In Bash, the '#' character means that the rest of the line is a comment, except when it means something else...
I went through the Bash manual looking for different uses of '#'. The attached file has a function for every different use I found. Try hitting ^G on each of the curly brackets. Delimiter matching works fine in functions "f" and "l". I expected "l" to work, but I was a bit surprised about "f". For all the others, the first '}' is ignored because of the preceding '#'.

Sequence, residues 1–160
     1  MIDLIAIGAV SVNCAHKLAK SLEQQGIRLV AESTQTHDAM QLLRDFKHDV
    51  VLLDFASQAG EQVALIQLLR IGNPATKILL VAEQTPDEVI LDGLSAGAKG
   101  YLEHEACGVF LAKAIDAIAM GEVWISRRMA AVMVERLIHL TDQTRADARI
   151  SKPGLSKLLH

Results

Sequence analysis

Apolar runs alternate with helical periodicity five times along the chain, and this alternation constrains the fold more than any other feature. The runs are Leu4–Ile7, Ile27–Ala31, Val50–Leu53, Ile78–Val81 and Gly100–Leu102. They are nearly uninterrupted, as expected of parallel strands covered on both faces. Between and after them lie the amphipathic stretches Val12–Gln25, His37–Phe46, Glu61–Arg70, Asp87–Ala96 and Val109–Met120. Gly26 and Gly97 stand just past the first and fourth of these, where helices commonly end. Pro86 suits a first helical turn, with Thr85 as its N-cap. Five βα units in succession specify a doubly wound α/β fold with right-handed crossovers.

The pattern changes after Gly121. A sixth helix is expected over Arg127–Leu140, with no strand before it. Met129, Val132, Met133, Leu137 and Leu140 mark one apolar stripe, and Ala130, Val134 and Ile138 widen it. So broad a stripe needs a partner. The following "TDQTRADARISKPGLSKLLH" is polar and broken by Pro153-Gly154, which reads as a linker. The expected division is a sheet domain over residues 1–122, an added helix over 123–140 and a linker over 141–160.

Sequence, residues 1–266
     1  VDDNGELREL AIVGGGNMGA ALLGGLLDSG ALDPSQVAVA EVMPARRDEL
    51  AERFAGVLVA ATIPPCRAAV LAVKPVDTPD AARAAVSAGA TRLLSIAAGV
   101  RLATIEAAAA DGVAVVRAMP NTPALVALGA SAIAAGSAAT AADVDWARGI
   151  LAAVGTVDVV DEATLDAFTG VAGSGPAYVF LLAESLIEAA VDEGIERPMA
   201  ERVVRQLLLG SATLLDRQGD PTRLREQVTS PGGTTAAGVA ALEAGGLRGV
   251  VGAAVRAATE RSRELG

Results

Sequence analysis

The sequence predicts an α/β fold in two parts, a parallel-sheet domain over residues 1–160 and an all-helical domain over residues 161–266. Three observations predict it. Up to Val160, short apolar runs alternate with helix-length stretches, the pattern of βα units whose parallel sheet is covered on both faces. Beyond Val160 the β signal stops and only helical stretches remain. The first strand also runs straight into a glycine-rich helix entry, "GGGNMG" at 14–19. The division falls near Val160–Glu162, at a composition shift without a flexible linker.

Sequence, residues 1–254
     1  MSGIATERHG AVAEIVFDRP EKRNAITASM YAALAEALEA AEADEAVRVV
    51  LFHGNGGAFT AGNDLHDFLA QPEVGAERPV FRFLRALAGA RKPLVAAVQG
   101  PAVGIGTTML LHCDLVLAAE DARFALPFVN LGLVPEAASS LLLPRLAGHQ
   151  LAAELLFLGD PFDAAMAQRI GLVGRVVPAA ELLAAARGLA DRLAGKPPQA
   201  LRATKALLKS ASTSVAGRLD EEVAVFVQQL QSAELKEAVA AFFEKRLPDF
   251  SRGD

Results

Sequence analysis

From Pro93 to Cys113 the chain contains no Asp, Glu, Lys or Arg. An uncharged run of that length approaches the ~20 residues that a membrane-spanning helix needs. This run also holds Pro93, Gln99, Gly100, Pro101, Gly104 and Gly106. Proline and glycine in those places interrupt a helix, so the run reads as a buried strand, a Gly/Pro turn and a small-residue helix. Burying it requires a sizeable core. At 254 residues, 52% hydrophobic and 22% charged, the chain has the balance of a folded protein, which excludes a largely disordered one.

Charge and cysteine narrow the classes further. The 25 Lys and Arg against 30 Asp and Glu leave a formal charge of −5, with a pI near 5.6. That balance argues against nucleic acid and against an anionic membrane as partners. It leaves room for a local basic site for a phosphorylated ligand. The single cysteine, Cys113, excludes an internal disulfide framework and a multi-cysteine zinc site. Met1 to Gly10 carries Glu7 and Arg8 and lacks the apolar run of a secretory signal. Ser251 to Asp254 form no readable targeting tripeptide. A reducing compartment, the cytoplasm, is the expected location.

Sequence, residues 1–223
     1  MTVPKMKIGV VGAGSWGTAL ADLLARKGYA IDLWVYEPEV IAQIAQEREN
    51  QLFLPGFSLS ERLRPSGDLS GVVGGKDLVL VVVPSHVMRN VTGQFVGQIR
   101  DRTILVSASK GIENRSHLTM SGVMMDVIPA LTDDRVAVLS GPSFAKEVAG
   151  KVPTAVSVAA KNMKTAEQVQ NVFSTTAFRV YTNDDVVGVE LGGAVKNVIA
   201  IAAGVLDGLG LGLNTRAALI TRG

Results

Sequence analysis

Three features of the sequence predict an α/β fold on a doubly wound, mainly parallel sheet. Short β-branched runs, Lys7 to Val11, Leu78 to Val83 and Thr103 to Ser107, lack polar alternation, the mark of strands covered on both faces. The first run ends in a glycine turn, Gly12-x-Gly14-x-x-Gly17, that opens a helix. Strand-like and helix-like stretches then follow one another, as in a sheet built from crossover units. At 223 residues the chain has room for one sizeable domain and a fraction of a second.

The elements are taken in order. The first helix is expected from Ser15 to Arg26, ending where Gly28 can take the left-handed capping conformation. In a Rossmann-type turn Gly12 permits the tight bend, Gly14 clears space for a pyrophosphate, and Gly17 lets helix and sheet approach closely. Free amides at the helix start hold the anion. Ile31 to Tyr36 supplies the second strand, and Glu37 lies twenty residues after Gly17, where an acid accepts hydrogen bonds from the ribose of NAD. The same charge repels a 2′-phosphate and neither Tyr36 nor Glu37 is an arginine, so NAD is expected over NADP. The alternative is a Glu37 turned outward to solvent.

Functions "k" and "m" are also not handled properly by the syntax highlighter.
"!#" doesn't do much in a script. It is meant for an interactive shell, but it is accepted in a script without being reported as a syntax error. Without the '!', it is reported as a syntax error.
A use of '#' like that in function "h" is what bit me in the wild.
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